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Prevent article published on British Library Portal

Prevent article published on British Library Portal

Evaluating politically sensitive social programmes: the case of Preventing Violent Extremism (Prevent).

Posted

29 April 2013

Evaluating politically sensitive social programmes: the case of Preventing Violent Extremism (Prevent).

Giorgia Iacopini and Laura Stock from Tavistock Institute of Human Relations share their reflections on evaluating politically sensitive social programmes from their experiences of evaluating Preventing Violent Extremism programmes, which can be found on British Library’s Management and Business Studies Portal.

The current climate of unusually scarce resources is increasing the pressure on organisations and therefore managers to identify and demonstrate the effectiveness and success of their work. This pressure is amplified within complex and politically sensitive social programmes, such as in health and social care, crime, youth services or community cohesion. There are often challenging organisational dynamics at play: the programmes themselves maybe politically or ideologically contested; there can be tensions between different stakeholders (central, local government and community stakeholders) over the focus and purpose of activities; outcomes and impacts of ‘what works’ can be uncertain and difficult to evidence (especially given time and budget constraints); and the work can trigger emotional responses in local communities and in the media.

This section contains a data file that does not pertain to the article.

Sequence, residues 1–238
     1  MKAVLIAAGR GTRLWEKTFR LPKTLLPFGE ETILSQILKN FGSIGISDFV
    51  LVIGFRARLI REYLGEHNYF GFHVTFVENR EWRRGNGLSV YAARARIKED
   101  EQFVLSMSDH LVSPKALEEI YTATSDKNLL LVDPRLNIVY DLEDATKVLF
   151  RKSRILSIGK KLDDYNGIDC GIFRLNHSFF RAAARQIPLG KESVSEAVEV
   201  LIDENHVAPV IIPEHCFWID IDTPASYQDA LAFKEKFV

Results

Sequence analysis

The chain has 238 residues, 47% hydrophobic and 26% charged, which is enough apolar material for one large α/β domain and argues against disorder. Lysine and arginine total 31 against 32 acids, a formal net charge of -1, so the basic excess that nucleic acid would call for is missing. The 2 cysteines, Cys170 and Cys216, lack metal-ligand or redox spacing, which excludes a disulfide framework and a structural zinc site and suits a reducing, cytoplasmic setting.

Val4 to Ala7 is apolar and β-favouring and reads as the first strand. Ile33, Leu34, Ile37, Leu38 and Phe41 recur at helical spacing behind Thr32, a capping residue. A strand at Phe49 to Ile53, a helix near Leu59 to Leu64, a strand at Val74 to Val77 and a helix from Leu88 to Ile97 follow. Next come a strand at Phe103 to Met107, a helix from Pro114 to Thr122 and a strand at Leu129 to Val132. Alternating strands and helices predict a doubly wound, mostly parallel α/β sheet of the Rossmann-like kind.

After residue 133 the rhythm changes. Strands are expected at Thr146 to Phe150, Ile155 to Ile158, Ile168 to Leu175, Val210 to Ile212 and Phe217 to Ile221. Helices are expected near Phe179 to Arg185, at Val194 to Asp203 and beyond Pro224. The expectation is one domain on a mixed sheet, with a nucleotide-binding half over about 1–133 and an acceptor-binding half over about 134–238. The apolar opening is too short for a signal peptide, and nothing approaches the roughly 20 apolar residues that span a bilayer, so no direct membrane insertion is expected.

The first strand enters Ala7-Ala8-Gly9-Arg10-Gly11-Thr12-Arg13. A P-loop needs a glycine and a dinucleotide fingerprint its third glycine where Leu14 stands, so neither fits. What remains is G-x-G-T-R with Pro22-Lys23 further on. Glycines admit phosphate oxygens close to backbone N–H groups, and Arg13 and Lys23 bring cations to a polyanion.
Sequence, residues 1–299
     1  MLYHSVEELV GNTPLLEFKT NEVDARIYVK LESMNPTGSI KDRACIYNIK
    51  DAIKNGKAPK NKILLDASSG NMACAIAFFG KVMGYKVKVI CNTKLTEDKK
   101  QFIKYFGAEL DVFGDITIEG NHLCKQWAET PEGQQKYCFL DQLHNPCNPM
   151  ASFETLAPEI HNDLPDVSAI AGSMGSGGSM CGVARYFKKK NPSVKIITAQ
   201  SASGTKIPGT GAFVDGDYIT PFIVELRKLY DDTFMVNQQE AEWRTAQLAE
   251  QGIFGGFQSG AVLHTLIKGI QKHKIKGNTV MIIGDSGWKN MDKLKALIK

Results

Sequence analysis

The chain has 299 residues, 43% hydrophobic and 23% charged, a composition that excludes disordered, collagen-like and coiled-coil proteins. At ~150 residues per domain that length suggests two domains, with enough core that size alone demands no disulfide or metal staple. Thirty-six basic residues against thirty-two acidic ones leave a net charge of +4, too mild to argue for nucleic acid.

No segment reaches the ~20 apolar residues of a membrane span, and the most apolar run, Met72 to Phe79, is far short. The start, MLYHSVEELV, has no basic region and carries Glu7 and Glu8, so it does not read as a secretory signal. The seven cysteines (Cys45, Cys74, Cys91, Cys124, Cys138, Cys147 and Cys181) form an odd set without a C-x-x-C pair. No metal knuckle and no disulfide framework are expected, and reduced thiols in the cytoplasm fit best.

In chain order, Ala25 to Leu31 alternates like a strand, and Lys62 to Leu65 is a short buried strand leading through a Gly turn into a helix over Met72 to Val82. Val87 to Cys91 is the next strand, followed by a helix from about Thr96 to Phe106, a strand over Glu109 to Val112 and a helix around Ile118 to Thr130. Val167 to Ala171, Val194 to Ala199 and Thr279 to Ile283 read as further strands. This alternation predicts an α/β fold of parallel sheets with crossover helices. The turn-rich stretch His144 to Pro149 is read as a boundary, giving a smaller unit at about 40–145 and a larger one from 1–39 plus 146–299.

The Tavistock Institute (TIHR), through its integrated evaluation and consultancy practice, has developed approaches to help managers better understand and navigate these organisational dynamics, as well as to generate useful evidence of ‘what works’ in programmes where hard outcomes are difficult to measure. Using the example of the Preventing Violent Extremism (Prevent) strategy, in situations of low certainty about what complex social interventions can achieve and vastly divergent thinking across, and between stakeholders, evaluation can be a strategy to help alleviate and address these tensions and provide results that can support the development of future work.

Drawing on two case studies as examples of our TIHR work, we provide suggestions on how evaluation can be a useful intervention for managers who need to design and deliver programmes in contested social policy fields. We seek to address the following questions:

  • What kinds of difficulties and challenges do organisations and managers experience when designing and implementing politically sensitive social programmes?
  • In situations where outcomes are difficult to measure, what kinds of evaluation results can still be meaningful and support organisations in responding to complex public policy challenges?

To read the full article please visit the British Library’s Management and Business Studies Portal.

For further information, please contact Giorgia Iacopini.

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